We won’t lose sovereignty to China – Prez Akufo-Addo

President Nana Addo Dankwa Akufo-Addo has said he is confident the country will not lose its sovereignty to the Chinese despite signing a number of agreements with China.

The president was addressing the press in Accra and said he has noted the concerns about the country’s dealings with China – which has seen other countries lose key state institutions to it over failure to meet contractual obligations.

President Akufo-Addo said government is committed to seeking funds to develop the country, and at this moment China remains an avenue for funds which could be used to develop the country.

“For far too long, the lack of money has hampered our development and dampened our self-confidence. I am determined that we should use what opportunities there are to raise ourselves out of poverty, but there is no chance that I would ever preside over the loss of Ghana’s sovereignty to any foreign country,” he stated.

He reiterated that government’s commitment in the US$2billion Sinohydro deal is through the supply of aluminium products to China.

“We have resisted any attempt to export the raw material for the settlement. That is why we have established the Ghana Integrated Aluminum Development Corporation, a statutory corporation, to take charge of developing the full value-chain of our bauxite resources.

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“The Corporation is ready to begin work. Not only is this an innovative way to undertake our infrastructure development, but it also enables us to establish an industry with a metal that is described as the metal of the future, and which can be a major catalyst for our industrialisation,” he added.

Right fundamentals

The president mentioned that the country has witnessed a transformation in key macroeconomic fundamentals during the Akufo-Addo government’s 2 years in office.

Inflation, he cited, has remained subdued and credit to the private sector has picked up. There has been a turnaround in economic growth and the budget deficit has provided enough room for the central bank to ease monetary policy.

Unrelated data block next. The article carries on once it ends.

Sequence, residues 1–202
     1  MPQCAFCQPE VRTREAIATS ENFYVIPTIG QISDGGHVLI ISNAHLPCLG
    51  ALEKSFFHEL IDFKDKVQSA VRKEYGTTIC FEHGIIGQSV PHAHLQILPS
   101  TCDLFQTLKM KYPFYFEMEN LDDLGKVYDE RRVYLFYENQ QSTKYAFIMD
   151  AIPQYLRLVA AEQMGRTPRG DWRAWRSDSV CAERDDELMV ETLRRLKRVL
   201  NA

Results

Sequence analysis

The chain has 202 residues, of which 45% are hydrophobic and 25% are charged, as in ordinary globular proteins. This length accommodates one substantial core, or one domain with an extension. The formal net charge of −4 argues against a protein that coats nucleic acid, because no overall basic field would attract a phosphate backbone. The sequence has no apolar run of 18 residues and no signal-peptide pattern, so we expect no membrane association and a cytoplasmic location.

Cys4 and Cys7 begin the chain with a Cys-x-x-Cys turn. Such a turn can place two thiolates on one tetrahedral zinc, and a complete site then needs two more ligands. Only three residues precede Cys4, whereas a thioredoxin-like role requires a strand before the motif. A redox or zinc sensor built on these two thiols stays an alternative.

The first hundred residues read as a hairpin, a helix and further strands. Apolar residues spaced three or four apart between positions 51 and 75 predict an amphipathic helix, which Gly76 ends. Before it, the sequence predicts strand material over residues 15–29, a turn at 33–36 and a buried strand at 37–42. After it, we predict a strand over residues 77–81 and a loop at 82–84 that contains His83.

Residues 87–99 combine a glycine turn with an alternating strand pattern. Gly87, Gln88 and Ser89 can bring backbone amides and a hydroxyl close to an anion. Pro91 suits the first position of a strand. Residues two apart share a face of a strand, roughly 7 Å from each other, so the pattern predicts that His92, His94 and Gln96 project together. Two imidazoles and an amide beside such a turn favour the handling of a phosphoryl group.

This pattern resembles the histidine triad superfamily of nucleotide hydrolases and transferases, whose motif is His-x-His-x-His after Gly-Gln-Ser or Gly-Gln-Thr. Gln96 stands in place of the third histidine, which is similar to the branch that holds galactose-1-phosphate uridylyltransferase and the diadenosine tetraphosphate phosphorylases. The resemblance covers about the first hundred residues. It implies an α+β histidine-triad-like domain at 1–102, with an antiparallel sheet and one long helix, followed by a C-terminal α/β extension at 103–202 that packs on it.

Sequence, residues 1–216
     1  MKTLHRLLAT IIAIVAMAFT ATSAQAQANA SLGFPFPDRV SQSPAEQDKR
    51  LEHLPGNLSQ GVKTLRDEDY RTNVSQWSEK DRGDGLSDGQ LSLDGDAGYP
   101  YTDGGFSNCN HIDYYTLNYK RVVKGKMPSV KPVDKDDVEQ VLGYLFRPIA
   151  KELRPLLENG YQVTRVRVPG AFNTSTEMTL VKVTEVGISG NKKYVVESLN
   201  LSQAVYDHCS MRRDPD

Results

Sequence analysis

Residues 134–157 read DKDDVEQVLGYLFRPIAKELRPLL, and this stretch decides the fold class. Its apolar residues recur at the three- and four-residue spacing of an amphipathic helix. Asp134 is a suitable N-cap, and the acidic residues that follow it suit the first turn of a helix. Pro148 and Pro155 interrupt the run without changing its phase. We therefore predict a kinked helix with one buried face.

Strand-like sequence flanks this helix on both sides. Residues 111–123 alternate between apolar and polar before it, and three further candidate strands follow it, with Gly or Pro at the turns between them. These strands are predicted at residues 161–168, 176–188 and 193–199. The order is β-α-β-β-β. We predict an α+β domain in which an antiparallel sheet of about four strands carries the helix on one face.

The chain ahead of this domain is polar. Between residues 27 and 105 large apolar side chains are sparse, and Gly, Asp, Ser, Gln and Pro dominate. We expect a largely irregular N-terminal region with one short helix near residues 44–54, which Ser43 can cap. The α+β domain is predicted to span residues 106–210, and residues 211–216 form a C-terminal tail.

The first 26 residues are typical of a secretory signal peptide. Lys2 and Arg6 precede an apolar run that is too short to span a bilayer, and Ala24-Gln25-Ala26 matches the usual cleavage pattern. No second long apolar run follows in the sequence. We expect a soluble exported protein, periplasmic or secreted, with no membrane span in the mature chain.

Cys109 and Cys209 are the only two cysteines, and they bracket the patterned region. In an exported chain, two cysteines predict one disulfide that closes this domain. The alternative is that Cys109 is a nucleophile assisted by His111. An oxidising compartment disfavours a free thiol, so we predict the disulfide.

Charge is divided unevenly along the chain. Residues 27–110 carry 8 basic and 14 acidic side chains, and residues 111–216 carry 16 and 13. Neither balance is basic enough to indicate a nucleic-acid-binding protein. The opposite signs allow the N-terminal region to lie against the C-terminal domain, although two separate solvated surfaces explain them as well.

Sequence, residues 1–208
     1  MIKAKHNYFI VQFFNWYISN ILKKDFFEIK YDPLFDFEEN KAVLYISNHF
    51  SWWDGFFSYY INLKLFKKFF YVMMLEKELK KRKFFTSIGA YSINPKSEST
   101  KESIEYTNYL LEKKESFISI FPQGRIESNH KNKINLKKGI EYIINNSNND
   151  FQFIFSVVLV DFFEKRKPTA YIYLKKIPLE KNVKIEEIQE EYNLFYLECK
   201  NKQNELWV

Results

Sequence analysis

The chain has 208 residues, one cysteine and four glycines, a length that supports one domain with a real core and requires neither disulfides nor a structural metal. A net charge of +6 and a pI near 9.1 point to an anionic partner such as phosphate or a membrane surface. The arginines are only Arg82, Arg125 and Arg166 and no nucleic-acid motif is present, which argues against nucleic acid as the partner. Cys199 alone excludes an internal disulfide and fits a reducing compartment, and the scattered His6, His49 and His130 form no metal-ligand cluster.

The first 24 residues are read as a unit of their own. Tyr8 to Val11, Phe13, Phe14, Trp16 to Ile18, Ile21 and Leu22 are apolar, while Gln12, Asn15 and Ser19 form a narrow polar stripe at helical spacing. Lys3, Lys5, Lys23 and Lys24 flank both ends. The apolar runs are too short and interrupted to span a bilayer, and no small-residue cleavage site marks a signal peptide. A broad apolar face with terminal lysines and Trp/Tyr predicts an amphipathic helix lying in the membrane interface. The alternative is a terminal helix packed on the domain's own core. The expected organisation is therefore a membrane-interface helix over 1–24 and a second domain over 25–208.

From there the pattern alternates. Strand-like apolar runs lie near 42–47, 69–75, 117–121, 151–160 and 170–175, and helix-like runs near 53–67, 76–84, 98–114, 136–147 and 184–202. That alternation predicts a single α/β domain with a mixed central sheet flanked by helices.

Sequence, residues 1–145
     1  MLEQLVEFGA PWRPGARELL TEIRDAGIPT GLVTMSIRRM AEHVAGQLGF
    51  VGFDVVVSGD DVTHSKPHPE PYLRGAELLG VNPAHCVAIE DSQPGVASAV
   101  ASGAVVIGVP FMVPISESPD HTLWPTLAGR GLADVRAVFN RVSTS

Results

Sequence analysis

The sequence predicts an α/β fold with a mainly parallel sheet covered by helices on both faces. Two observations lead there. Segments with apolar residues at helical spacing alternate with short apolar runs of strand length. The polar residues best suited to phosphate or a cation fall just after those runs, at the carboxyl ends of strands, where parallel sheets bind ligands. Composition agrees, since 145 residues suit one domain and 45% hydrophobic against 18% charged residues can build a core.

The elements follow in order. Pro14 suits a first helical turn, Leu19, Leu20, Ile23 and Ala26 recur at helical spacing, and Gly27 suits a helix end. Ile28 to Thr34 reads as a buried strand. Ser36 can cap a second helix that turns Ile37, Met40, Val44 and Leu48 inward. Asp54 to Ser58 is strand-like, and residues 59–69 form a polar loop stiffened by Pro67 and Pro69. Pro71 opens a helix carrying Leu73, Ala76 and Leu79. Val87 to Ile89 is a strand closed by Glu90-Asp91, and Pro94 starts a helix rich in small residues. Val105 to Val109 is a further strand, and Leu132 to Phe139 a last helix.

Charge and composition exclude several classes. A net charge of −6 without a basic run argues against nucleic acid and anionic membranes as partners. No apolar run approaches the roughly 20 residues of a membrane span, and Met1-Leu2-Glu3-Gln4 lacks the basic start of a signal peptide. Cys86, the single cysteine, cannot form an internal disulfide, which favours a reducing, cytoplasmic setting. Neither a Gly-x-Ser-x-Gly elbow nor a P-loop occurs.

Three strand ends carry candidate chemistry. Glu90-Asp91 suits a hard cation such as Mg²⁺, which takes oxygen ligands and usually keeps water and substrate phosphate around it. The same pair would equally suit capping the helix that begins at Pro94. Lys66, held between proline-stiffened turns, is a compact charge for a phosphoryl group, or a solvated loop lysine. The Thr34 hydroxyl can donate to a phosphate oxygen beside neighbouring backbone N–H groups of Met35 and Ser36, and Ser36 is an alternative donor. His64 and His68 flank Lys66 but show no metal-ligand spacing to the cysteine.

He argued that although there is little doubt that salaries and wages continue to be low, an increase in income levels can only come about by expansion and growth of the economy, and this is exactly what his government is working to achieve.

The president further conceded that when it comes to the expenditure pattern in public finances, there is much more room for improvement.

“Public sector salaries and wages are still taking too large a percentage of our public sector finances, and that is why there is never enough money left for us to finance all the things we need to do. Revenue mobilisation is still inadequate. Not enough people are paying taxes or paying at the proper rate, and too much economic activity still takes place without any formal records,” he decried.

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To solve some of these challenges, he mentioned measures put in place to formalise and modernise the economy – describing it as the fairest and fastest way to achieve the country’s aspirations.

“The introduction of paperless operations at the port, the interoperability of mobile money transactions, the National Identity Card rollout, e-business registration system, and access to digital financial services are all part of the drive to formalise our economy and enhance its productivity,” he mentioned.

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